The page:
Health and Participation of People With Long Term Disabilities and Chronic Conditions
The Health and Participation group at the 2012 Occupational Science Summit in St. Louis featured 12 presentations and 5 poster sessions on a variety of topics, including diabetes, Parkinson’s disease, multiple sclerosis, falls prevention, and breast cancer.
The research in the group focused on self-management and how occupational therapy can help people with a variety of conditions participate in their desired occupations and in their communities.
A study presented by Kathleen Lyons, ScD, OTR, examined the effectiveness of providing a problem-solving treatment (as part of an occupational therapy intervention) to women undergoing chemotherapy for breast cancer. Side effects of chemotherapy include fatigue and nausea and can make it difficult for individuals to perform their daily activities and adhere to the rigorous exercise and nutritional guidelines that can minimize cancer symptoms and treatment side effects.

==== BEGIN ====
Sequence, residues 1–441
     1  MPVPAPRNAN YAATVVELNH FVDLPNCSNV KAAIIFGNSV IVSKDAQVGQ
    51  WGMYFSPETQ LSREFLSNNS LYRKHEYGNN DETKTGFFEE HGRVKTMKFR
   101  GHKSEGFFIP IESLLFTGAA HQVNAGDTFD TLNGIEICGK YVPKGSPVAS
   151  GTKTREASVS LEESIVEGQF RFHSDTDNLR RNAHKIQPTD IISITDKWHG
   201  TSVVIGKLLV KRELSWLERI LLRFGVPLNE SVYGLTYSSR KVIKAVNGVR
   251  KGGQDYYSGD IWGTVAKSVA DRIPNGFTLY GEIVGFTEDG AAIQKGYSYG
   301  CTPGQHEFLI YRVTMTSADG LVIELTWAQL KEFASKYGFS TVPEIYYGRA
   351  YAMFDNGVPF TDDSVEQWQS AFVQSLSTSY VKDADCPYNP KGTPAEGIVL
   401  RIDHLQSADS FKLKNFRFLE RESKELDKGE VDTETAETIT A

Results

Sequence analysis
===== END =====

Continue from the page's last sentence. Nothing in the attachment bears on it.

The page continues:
Women in the study who received the occupational therapy intervention demonstrated a better quality of life and less anxiety than the women who had usual care. Lyons points out that the intervention is feasible and easy to implement, and that the participants found it helpful in increasing their participation in daily activities.
Self-management of chronic diseases is a topic that is becoming more popular and important in rehabilitation and also on a societal level, according to Carolyn Baum, PhD, OTR/L, FAOTA.
“I’ve been an OT for the last 35 years, and for at least the last 30 years I’ve been interacting as an OT educator, so I know that we have always needed more capacity building,” says AOTA Vice President Virginia Stoffel, PhD, OT, BCMH, FAOTA. “This summit was a recognition that we’ve matured as a profession and are science based. It was very exciting.”
Read more about the Occupational Science Summit and find summaries of the research presented in other groups here